America will go to the polls today, and this could leave the U.S. government split into Democrats and Republicans. With polls showing Republicans likely to win at least one house of Congress, analysts are speculating a further Washington gridlock.
Whatever the scenario, stocks have historically seen the strongest stretch during the four-year presidential cycle for the fourth quarter and year after mid-term elections. And to benefit from this trend, investors could easily tap the S&P 500 Index with the help of leveraged ETFs. These include ProShares Ultra S&P500 ETF ( SSO Quick Quote SSO - Free Report) , Direxion Daily S&P 500 Bull 2x Shares ( SPUU Quick Quote SPUU - Free Report) , Direxion Daily S&P 500 Bull 3x Shares ( SPXL Quick Quote SPXL - Free Report) and ProShares UltraPro S&P500 ETF ( UPRO Quick Quote UPRO - Free Report) . These funds offer multiple (more than one time) exposure to the index through the use of swaps, options, future contracts and other financial instruments. The final national NBC News poll of the 2022 midterms shows a highly competitive campaign landscape this midterm. About 48% of likely voters say they prefer a Democratic-controlled Congress as the outcome of Tuesday’s elections, while 47% prefer a Republican-controlled Congress. This is a reversal from October, when 48% preferred a GOP-controlled Congress versus 47% who wanted Democrats in charge (read: 5 Sector ETFs That Could Flourish in November). President Joe Biden took office in 2021 when the economy was benefiting from COVID-19 vaccines that allowed economies to reopen more fully and boosted by the quickly approved and economy-accelerating American Rescue Plan Act. Since then, the economy has deteriorated. Payroll growth is slowing and inflation has surged to the highest level in four decades. Major stock indices have fallen into bear markets and the Federal Reserve has started to raise interest rates aggressively to tame inflation. History suggests that the S&P 500 gives best returns following U.S. midterms. The S&P 500 has an eight-decade record of rising in the one-year period after midterm elections. According to Dow Jones Market Data, the S&P 500 has returned 0.4% on average on the day of midterm elections since 1970. The index has ended the Election Day trading session higher 69% of the time during the past 13 midterms. The S&P 500 has a similar track record the day after midterms, with an average gain of 0.4% since 1930. The S&P 500 has posted gains on 74% of such days during that period. How to Play?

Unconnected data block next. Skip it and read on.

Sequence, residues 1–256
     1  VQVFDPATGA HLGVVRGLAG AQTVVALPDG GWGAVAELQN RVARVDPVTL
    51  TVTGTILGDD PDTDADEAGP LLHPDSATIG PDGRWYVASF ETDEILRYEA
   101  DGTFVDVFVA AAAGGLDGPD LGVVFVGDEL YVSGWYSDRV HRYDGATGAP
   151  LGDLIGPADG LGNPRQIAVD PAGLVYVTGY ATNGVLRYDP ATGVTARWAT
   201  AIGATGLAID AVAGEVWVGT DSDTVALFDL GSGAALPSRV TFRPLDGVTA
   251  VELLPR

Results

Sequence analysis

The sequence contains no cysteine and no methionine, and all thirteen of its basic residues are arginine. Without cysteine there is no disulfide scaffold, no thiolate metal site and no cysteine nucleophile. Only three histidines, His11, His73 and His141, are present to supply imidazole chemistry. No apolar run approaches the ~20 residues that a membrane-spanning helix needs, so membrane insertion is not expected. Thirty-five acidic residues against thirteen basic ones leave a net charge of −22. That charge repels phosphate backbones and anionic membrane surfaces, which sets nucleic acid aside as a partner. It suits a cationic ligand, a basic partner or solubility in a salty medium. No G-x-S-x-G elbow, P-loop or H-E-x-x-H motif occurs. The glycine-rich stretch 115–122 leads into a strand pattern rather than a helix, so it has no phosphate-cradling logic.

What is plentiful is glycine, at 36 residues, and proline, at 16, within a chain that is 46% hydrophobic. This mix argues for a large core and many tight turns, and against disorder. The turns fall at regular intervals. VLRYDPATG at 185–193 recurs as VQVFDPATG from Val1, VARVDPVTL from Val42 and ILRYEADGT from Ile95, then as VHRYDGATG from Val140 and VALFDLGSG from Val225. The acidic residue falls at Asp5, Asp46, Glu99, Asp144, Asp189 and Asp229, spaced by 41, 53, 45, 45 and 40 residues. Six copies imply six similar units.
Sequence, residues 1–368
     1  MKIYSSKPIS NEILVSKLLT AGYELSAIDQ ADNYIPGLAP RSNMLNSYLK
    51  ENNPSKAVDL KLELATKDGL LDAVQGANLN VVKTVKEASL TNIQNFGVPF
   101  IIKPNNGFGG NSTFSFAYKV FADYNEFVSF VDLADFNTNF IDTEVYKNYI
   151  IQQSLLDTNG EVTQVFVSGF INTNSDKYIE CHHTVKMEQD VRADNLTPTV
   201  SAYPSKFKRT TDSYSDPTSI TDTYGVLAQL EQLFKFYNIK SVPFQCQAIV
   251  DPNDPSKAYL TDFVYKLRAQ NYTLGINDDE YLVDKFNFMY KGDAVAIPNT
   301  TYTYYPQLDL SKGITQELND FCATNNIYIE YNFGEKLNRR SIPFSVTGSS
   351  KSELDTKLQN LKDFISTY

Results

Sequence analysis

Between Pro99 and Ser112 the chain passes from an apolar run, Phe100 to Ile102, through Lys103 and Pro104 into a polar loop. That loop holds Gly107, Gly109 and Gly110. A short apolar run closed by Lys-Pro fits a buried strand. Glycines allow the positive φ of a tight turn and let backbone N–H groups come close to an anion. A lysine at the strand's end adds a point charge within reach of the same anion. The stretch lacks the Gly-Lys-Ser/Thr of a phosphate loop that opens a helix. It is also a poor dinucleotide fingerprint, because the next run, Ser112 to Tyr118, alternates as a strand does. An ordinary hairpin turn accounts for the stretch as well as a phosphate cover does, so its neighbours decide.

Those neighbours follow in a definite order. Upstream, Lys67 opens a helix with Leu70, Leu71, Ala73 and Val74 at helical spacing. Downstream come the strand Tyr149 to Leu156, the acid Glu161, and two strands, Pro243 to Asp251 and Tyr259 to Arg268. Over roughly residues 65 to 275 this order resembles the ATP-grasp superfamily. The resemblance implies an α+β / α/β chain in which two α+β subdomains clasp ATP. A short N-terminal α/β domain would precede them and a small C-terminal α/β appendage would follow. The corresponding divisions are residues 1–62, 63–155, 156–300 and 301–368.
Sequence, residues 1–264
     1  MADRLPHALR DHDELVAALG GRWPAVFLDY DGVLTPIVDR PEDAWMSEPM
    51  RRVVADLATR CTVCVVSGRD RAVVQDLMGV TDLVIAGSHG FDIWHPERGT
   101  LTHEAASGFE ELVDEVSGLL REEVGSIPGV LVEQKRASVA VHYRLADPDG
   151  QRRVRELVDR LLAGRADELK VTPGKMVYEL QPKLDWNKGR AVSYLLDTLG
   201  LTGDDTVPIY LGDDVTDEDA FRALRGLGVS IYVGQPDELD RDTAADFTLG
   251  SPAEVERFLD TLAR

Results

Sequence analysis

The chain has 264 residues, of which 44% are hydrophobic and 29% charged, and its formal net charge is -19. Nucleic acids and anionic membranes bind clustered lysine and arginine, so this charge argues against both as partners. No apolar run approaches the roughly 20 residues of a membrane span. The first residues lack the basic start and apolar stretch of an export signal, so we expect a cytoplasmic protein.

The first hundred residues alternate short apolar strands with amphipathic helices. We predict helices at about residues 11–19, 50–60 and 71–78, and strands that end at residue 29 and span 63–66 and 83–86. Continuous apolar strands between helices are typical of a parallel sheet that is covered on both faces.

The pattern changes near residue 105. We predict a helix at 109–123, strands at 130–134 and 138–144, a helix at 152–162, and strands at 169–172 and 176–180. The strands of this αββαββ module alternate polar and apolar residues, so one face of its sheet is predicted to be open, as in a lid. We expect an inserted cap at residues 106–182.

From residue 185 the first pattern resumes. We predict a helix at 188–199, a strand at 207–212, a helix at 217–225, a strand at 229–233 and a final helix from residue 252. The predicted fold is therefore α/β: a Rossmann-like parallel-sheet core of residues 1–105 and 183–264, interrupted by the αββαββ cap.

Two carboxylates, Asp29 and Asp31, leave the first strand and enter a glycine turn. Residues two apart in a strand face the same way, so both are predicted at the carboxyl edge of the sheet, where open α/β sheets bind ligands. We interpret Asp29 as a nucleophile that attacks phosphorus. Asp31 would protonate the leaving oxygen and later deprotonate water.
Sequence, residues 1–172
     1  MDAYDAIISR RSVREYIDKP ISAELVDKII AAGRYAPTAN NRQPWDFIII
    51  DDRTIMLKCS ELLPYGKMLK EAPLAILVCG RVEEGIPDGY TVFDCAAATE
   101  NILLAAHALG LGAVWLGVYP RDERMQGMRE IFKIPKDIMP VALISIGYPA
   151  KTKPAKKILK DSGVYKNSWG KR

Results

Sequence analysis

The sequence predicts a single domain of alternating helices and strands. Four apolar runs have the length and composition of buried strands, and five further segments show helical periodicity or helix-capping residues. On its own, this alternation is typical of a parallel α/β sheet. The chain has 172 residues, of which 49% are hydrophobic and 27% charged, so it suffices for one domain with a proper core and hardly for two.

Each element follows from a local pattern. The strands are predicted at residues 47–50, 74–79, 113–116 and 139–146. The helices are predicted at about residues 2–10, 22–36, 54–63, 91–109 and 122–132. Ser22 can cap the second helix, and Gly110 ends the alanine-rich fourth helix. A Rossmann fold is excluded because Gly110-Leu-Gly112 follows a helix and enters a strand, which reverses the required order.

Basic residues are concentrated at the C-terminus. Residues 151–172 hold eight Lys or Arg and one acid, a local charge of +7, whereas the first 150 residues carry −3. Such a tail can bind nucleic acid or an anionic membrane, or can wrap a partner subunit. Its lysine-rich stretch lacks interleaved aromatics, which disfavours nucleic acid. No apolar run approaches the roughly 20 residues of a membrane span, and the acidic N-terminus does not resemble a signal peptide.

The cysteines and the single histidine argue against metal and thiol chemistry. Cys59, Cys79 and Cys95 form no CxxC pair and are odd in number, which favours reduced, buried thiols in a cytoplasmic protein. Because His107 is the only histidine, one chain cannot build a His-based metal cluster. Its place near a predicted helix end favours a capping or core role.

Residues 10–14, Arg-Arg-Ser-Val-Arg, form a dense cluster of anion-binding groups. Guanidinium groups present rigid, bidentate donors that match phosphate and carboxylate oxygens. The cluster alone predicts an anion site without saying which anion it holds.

Below, we highlight some of the key differences between each of the ETFs:
ProShares Ultra S&P500 ETF ( SSO Quick Quote SSO - Free Report) ProShares Ultra S&P500 ETF provides two times (2X) exposure to the S&P 500 Index, charging 89 bps in fees and expenses. It has been able to manage $2.5 billion in its asset base with a daily trading volume of around 6.7 million shares. Direxion Daily S&P 500 Bull 2x Shares ( SPUU Quick Quote SPUU - Free Report) While Direxion Daily S&P 500 Bull 2x Shares also provides 2X exposure to the index, it charges a lower fee of 63 bps. It has a lower level of $47.2 million in AUM and sees a lower volume of about 66,000 shares a day on average (read: S&P 500 ETFs: What Investors Need to Know Right Now). Direxion Daily S&P 500 Bull 3x Shares ( SPXL Quick Quote SPXL - Free Report) Direxion Daily S&P 500 Bull 3x Shares creates 3X long position in the S&P 500 Index with an expense ratio of 0.93%. It has AUM of $2.4 billion and trades in an average daily volume of nearly 15 million shares. ProShares UltraPro S&P500 ETF ( UPRO Quick Quote UPRO - Free Report) ProShares UltraPro S&P500 ETF provides triple leveraged play to the S&P 500 Index, charging 91 bps in fees and expenses. It has been able to manage $2 billion in its asset base with a daily trading volume of around 14.2 million shares. Bottom Line
As a caveat, investors should note that these products are extremely volatile and suitable only for short-term traders. Additionally, the daily rebalancing, when combined with leverage, may make these products deviate significantly from the expected long-term performance figures (see:
all the Leveraged Equity ETFs here). Still, for ETF investors who are bullish on the near term, either of the above products can be an interesting choice. Clearly, a near-term long could be intriguing for those with high-risk tolerance, and a belief that the trend is the friend in this corner of the investing world.